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Harrison County Hospital Guild calls it quits after 50-plus years

The Harrison County Hospital Guild, a group of women who volunteered their time and raised money for the hospital, have called it quits after 50 years due to the lack of quilters and a place to quilt. The women have sold their quilting frames, sewing machines and other supplies.
In the last 10 years things have slowed down some. “We are getting up in years and it’s hard keeping things going,” said Helen Miller, the Guild treasurer.
The six remaining members — Diane Miller, president, Miller, Elizabeth Thomas, Flossie Best, Viola Crosier and Helen Petty — met Sept. 14 for lunch and decided what to do with the funds left in the group account. A check for $2,695 was given to the hospital to be used toward new equipment for the proposed new surgical wing, said Helen Miller.
The Guild’s first formal meeting was Feb. 17, 1950, with the following townships represented: Helen Ripperdan, Mrs. Fred Stoker, Mrs. Herman R. Fleshman and Mrs. Edward Henderson, all of Washington; Verna Crosier and Mrs. Paul Miller of Boone; Anita Kirkham and Bernice Pendleton of Webster; Mrs. Robert Thomas of Jackson; Mrs. Wesley Sieg and Mrs. Joseph Harmon of Spencer; Mrs. Ott Schneider of Franklin; Mrs. August Yochem and Mrs. James L. Windell of Harrison; Mrs. Shelby Best, Mrs. Shelby Bliss, Mrs. Virgil Bandy and Mrs. James Struble of Heth; Mrs. John E. Brewer and Mrs. Orlin Barger of Taylor, and Mrs. Earl Miller, Mrs. Dewey Hickman and Mrs. Faith O’Bannon of Corydon.
May Enlow was the first president.
Several women volunteered to hold bazaars and rummage sales, embroider pillowcases and sell items to raise money, among other projects, for the new hospital.
Helen Miller, a Guild member for about 15 years, said, “When they first started, the women would quilt for about $20 each quilt.”
It’s much more today. She said people would bring in quilts to be quilted, and Guild members would do the work. The money they made was donated to the hospital.
When the Guild started, there was no place to quilt, so they’d load the quilting frames on their cars and tote them to each others’ homes. Years later, they began meeting in the Senior Citizens Building in Corydon until the flood two years ago put an end to that, said Miller. Then they met in the building where the Emergency Management Services is now.
Helen V. Amy, a member of the Guild for 27 years until she quit in 1997, said when she first started in the 1970s they embroidered pillow slips, made rag rugs and quilted. “We made lots of quilts by hand,” she said. “Too many to count.”
“We also made love bears for the hospital and for the police departments.”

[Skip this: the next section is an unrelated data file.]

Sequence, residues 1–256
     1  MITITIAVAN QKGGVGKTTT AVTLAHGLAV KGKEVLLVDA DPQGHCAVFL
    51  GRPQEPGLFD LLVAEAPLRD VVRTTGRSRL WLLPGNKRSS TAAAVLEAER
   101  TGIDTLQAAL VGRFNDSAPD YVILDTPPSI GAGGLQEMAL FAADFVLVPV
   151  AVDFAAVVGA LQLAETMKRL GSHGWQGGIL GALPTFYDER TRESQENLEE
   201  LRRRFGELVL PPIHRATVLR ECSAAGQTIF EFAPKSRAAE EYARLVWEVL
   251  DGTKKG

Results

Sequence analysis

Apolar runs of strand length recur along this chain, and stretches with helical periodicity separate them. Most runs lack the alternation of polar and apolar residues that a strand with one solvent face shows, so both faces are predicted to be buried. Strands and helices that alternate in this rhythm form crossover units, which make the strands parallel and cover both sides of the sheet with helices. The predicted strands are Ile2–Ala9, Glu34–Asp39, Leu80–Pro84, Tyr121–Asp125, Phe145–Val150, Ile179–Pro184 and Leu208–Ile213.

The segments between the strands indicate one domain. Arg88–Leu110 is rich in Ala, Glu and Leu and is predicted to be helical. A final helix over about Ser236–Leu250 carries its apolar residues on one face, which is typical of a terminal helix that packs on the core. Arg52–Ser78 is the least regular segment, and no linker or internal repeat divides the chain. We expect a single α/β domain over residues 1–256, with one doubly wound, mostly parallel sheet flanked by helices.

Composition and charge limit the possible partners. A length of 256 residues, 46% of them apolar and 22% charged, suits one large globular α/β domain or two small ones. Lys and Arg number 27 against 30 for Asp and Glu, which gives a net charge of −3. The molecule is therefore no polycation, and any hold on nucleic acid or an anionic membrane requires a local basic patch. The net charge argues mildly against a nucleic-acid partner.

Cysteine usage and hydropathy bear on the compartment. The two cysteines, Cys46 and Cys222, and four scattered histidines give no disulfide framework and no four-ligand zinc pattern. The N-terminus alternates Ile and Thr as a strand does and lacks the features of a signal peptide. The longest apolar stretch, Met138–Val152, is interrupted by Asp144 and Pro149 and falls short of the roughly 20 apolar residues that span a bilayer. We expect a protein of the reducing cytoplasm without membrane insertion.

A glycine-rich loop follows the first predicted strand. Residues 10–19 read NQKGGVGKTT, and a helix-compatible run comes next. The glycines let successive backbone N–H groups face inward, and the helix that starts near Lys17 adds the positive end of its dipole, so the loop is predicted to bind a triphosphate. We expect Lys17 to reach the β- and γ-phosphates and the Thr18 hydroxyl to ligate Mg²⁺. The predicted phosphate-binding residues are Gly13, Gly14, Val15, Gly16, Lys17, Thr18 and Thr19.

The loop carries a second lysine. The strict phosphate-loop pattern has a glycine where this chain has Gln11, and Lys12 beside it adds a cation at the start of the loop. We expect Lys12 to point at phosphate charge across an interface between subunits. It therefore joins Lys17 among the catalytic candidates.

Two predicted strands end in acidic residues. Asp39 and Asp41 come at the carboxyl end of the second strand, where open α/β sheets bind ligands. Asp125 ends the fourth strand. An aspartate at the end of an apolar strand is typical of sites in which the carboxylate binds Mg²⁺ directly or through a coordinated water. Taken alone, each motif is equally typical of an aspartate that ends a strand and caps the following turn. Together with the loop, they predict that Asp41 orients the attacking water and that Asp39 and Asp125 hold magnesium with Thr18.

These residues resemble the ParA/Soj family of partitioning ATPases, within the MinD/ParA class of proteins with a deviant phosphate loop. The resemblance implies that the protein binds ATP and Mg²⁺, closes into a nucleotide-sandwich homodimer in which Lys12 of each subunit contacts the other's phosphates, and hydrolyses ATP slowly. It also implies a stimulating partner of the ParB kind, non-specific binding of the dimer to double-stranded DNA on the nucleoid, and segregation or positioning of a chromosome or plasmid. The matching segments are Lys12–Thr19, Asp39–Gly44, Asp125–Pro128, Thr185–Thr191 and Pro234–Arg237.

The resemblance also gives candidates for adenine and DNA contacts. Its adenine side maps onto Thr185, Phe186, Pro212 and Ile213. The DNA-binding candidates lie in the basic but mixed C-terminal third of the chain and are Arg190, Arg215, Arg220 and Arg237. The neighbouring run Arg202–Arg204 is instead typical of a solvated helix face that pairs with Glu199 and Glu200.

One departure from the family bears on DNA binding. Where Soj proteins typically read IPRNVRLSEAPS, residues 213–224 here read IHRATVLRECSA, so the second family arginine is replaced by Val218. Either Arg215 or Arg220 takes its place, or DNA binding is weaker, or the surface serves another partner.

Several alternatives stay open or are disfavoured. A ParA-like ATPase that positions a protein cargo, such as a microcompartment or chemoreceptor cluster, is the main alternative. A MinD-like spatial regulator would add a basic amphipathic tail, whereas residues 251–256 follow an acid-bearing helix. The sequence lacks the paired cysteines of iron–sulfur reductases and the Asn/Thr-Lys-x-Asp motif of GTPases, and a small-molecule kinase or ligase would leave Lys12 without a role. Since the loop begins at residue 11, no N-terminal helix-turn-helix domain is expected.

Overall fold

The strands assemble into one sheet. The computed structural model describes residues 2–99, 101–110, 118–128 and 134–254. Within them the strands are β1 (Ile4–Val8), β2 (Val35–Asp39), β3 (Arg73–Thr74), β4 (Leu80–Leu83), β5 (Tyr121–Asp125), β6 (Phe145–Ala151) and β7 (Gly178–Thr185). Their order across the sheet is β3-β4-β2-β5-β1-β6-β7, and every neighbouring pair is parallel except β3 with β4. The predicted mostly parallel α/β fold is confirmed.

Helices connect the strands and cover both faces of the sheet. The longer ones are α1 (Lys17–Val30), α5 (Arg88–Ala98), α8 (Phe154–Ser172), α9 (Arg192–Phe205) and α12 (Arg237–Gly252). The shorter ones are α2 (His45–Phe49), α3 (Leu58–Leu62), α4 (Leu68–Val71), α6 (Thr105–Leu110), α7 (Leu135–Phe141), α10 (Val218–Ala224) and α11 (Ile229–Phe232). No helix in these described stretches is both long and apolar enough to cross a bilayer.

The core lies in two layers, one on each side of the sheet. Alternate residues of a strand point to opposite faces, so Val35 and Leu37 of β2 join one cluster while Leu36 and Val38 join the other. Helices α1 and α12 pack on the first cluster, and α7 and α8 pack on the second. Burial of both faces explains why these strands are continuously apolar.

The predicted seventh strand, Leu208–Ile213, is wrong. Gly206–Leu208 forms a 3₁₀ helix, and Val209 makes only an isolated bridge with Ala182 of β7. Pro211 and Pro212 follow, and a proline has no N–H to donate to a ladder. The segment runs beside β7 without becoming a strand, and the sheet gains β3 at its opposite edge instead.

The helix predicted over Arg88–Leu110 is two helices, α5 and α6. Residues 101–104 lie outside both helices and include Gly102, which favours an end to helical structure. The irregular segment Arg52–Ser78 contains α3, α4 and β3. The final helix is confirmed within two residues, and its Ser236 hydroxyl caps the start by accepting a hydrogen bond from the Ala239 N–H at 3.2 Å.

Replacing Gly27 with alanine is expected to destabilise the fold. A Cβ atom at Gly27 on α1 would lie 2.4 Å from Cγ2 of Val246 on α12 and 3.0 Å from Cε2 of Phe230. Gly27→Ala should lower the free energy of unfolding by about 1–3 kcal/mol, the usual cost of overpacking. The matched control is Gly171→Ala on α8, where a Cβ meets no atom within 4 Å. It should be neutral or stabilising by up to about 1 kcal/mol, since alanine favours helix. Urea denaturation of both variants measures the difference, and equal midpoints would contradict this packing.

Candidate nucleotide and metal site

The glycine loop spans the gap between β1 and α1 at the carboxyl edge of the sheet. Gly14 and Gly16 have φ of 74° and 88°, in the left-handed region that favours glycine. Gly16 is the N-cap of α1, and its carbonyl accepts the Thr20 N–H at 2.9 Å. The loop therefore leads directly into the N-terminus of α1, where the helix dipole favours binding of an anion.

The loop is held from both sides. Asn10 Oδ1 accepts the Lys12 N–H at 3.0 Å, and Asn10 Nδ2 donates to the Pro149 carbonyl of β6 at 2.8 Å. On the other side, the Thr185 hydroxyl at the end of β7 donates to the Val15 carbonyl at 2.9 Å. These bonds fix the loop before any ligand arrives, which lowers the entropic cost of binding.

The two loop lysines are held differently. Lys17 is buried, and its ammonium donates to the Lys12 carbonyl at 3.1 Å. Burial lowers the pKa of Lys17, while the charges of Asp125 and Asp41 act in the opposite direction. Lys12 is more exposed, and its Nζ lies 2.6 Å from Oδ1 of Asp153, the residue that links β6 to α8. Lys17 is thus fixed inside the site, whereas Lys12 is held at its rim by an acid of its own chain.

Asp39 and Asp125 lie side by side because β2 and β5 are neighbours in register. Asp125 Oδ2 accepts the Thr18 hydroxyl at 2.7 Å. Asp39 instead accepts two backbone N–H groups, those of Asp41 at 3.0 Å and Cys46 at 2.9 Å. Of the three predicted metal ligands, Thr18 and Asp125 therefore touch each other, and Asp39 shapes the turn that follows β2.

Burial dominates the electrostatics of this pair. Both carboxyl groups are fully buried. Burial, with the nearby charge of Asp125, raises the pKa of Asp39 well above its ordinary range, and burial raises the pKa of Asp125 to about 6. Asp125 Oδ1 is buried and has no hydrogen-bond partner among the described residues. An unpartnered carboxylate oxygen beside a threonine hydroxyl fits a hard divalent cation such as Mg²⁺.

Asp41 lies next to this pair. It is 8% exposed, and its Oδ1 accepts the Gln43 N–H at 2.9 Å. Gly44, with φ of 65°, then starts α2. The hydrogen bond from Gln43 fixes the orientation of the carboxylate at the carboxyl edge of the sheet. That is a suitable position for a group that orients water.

“We have enjoyed being volunteers for the hospital and thank them for the history and their kind words in their newsletter,” said Miller.
“It is with deep sadness that I view the disbanding of this group of Hospital Guild members. For so many years the Guild has been such a strong supporter of the Harrison County Hospital and its mission,” Diane Miller said in a hospital publication earlier this year.
Here are some of the things the Guild has purchased through the years: 1950: X-ray equipment; 1951: orthopedic table, balances for operating lamps, a dishwasher, donation on a water softener; 1952: cooling system; 1953: microfilm reader, hospital beds, baby incubator; 1954: walker, air-conditioner, castle lights, resuscitator; 1955: suction pumps, building booth; 1957: lamps and drapes, etc., furniture for sun room, lift, oxygen tent; 1958: steam table from Children’s Hospital; 1959: mirror, tile for hospital, operating table;
1960: repairs to operating room ceiling; 1961: croupette (an oxygen delivery tent for new borns) and croupaire (oxygen delivery tent for adults), cribs and mattresses; 1962: recovery bed; 1965: kitchen range; 1966: donation for refrigerator; 1967: breathing machine; 1968: wastebaskets for hospital, wheel chairs, nurses at Indiana University; 1969: tuition for nurses training;
1971: tuition for nurses training; 1973: tuition for nurses training, hospital chapel; 1975: heart unit and monitor, hospital donation fund; 1975: casualty simulation kit; 1978: Visa calculator; 1979: temporary pacemaker;
1980: X-ray machine; 1981: two “Life Saving Suits (anti-shcok trousers)”; 1982: blood pressure monitor and donation to Dillman Pavilion; 1984: freezer for the lab and a blender for the kitchen; 1987: equipment for respiratory therapy; and 1989: furniture for chapel and stained glass chapel sign.
1990: VCR, video camera and monitor with film, and a $1,300 nursing scholarship; 1992: outpatient and surgery waiting room; 1994: wheelchair for Diagnostic Imaging; 1996: donation of four wheelchairs and at-home equipment; 1998: mobile weight rack for physical therapy; and 2001: equipment for new surgery wing which is to be built.
Donations totaled $37,393.